Peter Landin was among the first to recognize that mathematical logic, specifically lambda calculus, could be used to describe and map programming languages. This was essential to the development of functional programming and universally understandable coding semantics. This insight led Landin to invent the Stack, Environment, Control, Dump (SECD) Machine—the first abstract machine used for a functional programming language.
Peter Landin is also credited with inventing the ISWIM programming language, introducing the off-side rule still used in Python, and coining the term “syntactic sugar.” He was constantly coming up with new innovations and owned patents for various technologies, including a cash register, a phonograph, and even a motion picture film.
Lynn Conway: Computer Scientist
1938 - Present
Born and raised in New York, Lynn Conway displayed an early aptitude for astronomy, math, and science. After working for several years as an electronics technician, she pursued an education in electrical engineering at Columbia University. In 1964, she joined IBM Research and worked on an architecture team developing advanced supercomputer models.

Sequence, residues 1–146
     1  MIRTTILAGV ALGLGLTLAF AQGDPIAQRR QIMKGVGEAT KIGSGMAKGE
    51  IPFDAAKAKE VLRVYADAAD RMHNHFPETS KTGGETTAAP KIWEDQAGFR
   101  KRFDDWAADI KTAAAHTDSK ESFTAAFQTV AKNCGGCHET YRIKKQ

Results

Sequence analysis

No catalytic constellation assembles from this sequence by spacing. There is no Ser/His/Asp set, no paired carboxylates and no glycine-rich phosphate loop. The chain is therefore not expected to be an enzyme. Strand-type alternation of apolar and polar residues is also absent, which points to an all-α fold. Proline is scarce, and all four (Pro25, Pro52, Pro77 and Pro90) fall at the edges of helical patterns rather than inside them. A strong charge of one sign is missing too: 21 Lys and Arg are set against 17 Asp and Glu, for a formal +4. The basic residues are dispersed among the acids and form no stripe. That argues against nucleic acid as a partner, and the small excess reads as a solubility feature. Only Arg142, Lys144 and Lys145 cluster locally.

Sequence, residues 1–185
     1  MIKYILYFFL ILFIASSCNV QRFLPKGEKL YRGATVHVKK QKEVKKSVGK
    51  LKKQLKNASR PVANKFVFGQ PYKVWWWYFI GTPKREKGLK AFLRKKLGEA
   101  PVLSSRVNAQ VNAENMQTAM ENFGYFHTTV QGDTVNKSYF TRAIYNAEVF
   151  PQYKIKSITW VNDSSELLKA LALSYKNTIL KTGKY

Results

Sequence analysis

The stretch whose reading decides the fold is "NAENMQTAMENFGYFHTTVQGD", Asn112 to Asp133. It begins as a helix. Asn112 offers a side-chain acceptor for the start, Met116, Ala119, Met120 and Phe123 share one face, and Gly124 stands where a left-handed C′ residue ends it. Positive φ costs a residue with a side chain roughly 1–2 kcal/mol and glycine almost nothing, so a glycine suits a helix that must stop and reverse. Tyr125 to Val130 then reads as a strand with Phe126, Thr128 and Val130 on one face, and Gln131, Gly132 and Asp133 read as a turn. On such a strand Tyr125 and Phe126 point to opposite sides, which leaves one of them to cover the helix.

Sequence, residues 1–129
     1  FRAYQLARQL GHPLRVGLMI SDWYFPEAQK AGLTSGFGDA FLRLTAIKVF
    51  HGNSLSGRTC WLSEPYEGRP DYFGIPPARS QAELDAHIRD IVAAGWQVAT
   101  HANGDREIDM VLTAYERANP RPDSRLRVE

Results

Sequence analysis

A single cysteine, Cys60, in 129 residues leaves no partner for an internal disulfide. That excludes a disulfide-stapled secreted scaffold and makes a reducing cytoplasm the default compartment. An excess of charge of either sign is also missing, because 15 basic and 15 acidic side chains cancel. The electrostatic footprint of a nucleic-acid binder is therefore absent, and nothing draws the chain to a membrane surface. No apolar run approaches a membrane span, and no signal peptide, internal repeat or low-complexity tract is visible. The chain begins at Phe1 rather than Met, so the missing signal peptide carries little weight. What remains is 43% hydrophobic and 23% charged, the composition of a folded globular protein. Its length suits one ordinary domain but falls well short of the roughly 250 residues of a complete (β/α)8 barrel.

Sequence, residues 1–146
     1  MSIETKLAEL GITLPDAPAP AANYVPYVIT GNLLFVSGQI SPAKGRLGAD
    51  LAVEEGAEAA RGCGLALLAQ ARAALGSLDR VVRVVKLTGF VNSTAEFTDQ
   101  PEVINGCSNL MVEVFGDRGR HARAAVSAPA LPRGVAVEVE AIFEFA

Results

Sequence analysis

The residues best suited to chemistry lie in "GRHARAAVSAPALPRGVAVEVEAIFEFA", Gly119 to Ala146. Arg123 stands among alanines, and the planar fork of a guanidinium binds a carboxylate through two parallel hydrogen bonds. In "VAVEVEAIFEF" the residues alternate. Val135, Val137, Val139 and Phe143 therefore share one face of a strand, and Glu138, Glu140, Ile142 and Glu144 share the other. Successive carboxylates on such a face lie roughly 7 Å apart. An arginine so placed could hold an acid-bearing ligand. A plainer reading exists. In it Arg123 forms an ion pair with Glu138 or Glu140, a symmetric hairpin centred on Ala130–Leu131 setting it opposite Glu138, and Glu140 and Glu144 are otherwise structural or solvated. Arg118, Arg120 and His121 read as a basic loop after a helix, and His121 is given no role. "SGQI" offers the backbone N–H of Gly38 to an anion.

Lynn Conway was one of the first individuals in America to undergo gender affirmation surgery in 1968. After voicing her intention to transition, Conway was laid off by IBM. However, she relentlessly continued on, relaunching her career in “stealth mode” with a new name and identity. Over the following years, she focused on developing microchip technology at various organizations. Today, Conway is a prolific activist fighting for equal opportunity and employment protection for transgender people in tech, as well as a professor emerita of electrical engineering and computer science at the University of Michigan.